11. The Rev Kev

    “Senate looks to avoid dragged-out Trump impeachment battle”

    This might be wise. Supposing, just supposing, that the Republicans call Chuck Schumer as a witness during proceedings. I can see it now..

    Republican Senator: ‘Mr. Schumer – you have railed against the protest at Capital Hill. Is it not true that you led a similar protest in front of the Supreme Court last March?’

    Chuck Schumer: ‘Ummmm….’

    Republican Senator: ‘And is it not true that you threatened two Supreme Court Justices saying “You have unleashed a whirlwind, and you will pay the price?” And then said “You won’t know what hit you if you go forward with these awful decisions.” ‘

    Chuck Schumer: ‘Ummmm….’

    Republican Senator: ‘And did not those protesters go on to bang and slam the door to threaten the Supreme Court Justices inside? But that this time nobody opened the doors to them and stood aside? And that the Supreme Court building is hallowed ground as part of our sacred institutions?’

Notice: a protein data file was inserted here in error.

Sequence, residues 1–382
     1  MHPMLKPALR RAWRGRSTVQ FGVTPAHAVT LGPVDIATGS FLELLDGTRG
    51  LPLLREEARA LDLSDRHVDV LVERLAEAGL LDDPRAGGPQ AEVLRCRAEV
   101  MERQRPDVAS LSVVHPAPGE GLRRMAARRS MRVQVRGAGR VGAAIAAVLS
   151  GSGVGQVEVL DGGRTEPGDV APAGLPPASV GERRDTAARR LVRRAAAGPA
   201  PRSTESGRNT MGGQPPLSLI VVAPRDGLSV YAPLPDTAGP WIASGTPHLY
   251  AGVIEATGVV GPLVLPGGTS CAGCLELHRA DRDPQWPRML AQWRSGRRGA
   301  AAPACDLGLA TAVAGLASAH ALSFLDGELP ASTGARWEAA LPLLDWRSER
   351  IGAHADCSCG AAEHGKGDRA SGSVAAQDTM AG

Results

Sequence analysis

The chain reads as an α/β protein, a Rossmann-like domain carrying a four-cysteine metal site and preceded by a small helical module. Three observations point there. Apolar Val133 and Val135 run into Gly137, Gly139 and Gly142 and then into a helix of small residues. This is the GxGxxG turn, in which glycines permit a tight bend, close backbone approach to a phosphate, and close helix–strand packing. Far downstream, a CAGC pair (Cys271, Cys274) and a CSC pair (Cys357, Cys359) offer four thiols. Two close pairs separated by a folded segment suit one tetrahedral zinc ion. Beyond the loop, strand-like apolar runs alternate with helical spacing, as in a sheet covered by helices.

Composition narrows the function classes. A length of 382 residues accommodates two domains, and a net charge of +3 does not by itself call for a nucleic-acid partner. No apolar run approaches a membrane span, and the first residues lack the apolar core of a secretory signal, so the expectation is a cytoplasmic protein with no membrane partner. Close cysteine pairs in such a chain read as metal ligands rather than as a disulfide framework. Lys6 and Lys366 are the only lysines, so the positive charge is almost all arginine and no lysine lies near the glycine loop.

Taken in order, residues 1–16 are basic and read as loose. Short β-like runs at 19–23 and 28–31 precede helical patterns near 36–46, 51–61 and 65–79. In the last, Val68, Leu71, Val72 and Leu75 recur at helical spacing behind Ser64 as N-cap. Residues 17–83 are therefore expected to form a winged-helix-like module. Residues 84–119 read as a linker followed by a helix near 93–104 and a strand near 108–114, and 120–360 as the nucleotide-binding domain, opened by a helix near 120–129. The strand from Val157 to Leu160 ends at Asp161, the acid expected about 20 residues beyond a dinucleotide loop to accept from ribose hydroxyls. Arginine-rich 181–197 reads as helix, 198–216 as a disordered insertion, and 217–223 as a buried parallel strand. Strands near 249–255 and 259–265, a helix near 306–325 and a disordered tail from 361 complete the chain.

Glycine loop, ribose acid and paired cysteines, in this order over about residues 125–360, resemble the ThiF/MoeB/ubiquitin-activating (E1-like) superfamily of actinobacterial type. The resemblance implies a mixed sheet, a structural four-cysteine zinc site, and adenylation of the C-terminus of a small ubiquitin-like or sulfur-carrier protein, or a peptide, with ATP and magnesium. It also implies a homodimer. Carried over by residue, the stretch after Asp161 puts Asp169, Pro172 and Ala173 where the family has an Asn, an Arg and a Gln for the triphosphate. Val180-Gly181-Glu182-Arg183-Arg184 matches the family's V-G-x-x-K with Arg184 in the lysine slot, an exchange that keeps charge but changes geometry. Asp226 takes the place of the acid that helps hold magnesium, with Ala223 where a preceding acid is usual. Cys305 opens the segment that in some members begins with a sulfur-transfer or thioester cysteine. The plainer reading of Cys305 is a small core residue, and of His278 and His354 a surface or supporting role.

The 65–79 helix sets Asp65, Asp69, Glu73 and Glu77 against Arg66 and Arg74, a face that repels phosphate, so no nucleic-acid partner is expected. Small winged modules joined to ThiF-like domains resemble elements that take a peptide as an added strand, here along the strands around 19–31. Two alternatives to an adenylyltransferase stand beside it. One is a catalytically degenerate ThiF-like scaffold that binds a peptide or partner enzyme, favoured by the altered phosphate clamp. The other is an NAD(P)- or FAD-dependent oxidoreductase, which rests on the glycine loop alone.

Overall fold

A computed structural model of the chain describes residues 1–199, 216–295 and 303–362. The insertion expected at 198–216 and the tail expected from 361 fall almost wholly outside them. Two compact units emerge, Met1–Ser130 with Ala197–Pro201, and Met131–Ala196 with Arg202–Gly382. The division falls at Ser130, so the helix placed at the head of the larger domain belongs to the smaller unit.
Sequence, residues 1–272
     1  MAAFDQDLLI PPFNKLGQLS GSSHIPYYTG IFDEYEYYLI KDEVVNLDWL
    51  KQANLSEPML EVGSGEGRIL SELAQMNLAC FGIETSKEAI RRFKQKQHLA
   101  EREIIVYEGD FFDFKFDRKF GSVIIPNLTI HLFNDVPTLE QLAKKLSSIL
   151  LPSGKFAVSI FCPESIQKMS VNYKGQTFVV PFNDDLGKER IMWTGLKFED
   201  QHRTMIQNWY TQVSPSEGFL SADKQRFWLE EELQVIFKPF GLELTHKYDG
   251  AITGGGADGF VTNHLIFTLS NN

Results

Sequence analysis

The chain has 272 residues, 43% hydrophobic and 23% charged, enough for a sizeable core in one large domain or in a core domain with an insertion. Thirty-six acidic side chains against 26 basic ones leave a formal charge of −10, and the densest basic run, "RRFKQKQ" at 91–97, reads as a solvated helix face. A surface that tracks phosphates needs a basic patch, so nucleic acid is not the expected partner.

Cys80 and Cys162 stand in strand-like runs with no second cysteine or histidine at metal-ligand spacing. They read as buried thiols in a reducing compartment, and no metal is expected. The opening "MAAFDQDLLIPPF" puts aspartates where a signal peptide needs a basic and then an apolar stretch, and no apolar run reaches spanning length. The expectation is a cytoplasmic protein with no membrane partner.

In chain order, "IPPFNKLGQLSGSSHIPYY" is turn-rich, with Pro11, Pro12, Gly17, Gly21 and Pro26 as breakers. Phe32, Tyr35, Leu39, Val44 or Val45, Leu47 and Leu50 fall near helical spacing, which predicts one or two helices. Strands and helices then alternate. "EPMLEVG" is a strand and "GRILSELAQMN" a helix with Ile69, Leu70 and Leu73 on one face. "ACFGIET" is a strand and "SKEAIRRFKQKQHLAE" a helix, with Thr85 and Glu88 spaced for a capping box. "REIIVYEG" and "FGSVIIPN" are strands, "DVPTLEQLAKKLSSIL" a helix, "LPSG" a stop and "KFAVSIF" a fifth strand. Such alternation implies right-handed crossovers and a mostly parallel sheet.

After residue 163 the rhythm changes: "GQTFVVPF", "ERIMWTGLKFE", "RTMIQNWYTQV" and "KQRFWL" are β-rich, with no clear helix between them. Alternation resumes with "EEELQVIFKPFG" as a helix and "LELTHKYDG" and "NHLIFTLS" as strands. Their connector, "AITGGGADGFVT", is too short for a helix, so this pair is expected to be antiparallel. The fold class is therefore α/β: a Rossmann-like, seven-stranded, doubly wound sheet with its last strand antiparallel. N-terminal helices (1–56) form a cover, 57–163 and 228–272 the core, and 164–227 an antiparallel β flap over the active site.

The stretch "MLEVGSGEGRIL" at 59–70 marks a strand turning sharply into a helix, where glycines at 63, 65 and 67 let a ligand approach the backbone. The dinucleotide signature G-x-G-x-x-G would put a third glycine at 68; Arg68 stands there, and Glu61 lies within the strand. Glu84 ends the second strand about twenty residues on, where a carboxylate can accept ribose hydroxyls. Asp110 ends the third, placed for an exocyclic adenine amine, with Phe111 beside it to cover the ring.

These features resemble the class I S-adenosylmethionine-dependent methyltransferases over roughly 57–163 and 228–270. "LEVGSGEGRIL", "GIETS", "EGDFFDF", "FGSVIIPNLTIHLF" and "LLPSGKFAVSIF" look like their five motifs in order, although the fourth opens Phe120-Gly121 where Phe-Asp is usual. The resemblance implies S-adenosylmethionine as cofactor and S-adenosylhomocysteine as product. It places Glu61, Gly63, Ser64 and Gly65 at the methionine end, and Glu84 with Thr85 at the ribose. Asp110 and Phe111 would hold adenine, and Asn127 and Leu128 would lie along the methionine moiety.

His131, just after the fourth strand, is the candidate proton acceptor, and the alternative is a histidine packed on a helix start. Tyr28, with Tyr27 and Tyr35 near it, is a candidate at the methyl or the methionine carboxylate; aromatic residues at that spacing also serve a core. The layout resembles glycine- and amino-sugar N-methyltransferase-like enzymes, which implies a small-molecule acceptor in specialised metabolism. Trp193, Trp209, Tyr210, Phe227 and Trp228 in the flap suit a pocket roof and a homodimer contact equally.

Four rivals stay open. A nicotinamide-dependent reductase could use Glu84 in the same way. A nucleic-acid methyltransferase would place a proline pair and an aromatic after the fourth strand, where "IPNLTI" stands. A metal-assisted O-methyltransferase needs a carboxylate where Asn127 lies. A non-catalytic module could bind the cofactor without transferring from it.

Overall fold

Chuck Schumer: ‘Uhhhhhhhh….’

    Republican Senator: ‘Well, do you have anything to say?’

    Chuck Schumer: ‘I move that we end these proceedings and get back to work on the relief bills to help out our fellow Americans. Any nays?’

    1. a different chris

      >Is it not true that you led a similar protest in front of the Supreme Court last March?’

      Nobody died. Nobody entered the building. Nobody tried to replace the SC justices.* So, not similar at all, sorry.

      *I admittedly wish they could..

          1. lyman alpha blob